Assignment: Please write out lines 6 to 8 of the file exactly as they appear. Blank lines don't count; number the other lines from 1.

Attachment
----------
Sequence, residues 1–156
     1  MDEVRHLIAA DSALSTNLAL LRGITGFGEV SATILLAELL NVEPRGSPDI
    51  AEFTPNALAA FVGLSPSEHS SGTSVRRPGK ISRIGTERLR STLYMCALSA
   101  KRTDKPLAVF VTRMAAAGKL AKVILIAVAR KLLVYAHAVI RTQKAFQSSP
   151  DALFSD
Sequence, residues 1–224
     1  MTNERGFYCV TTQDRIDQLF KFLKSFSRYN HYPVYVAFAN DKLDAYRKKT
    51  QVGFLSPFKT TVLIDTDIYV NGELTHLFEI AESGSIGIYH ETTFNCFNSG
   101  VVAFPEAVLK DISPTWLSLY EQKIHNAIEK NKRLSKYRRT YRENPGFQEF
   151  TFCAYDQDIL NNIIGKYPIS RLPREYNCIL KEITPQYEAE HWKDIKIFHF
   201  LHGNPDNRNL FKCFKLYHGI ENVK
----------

Sequence, residues 1–224
     1  MTNERGFYCV TTQDRIDQLF KFLKSFSRYN HYPVYVAFAN DKLDAYRKKT
    51  QVGFLSPFKT TVLIDTDIYV NGELTHLFEI AESGSIGIYH ETTFNCFNSG